On Thursday morning, Los Angeles radio host Leeann Tweeden wrote a disturbing article alleging that Sen. Al Franken sexually harassed her on a 2006 USO tour. According to Tweeden, Franken coerced her into “rehearsing” a kiss for a skit, then forcefully stuck his tongue in her mouth. She also provided a photograph of Franken appearing to grope her while she slept. […]

  • Democrats Find a Weapon in the Senate Tax Bill
    by Jim Newell on November 16, 2017 at 12:42 am

    A tax reform process that had been moving with relative ease through Congress got much knottier on Wednesday, as complicated bills tend to do when the flashy debuts have receded and the thorny details begin to emerge. For Senate Republicans that meant defending two tough propositions: the sudden inclusion of a provision to eliminate the individual mandate for health care, and the decision to sunset tax cuts for middle-class families, while allowing corporations to keep them in perpetuity. […]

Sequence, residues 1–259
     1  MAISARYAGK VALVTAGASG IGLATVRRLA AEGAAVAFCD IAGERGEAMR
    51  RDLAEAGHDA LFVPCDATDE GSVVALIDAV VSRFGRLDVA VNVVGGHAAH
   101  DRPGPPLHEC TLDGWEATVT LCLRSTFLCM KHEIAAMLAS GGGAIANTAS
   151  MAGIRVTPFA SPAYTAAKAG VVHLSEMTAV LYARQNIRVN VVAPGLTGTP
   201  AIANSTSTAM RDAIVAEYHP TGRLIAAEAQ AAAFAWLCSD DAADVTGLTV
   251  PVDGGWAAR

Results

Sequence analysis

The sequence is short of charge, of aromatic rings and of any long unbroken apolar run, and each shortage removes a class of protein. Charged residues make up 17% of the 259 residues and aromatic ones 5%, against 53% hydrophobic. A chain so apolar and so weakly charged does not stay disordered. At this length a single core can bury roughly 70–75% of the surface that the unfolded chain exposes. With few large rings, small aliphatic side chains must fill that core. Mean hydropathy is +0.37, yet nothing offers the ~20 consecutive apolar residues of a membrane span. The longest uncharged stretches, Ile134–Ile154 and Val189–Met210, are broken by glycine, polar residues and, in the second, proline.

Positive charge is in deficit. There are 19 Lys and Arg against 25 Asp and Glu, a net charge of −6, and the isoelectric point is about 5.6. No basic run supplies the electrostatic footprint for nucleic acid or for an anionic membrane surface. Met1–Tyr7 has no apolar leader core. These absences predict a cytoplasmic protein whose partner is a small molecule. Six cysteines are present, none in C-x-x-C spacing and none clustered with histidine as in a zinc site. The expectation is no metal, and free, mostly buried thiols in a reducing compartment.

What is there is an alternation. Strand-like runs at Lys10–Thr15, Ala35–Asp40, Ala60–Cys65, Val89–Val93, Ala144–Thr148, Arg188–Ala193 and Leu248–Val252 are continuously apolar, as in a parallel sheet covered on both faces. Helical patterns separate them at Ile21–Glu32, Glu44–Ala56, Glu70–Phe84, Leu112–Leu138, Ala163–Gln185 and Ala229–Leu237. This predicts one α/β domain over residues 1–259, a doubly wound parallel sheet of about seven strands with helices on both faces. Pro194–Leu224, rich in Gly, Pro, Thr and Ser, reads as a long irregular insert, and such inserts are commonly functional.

• Black Voters, Blue Wave
    by Jamelle Bouie on November 14, 2017 at 10:30 pm

    There are two major demographics that helped Ralph Northam and the Democratic ticket win Virginia’s statewide elections: a strong performance with white and suburban voters, which has received considerable attention since last Tuesday, and high black turnout, which has not. […]

  • Democrats Are Sounding the Alarm on the Tax Bill
    by Jim Newell on November 14, 2017 at 9:15 pm

    Nancy Pelosi and Chuck Schumer do not often begin their weeks with urgent, joint press conferences. The two congressional minority leaders did this week, though, delivering grave warnings about the Republican tax plan that is currently barreling its way through Congress despite the best efforts of Democrats. […]

  • Roy Moore Is Lying
    by William Saletan on November 14, 2017 at 6:54 pm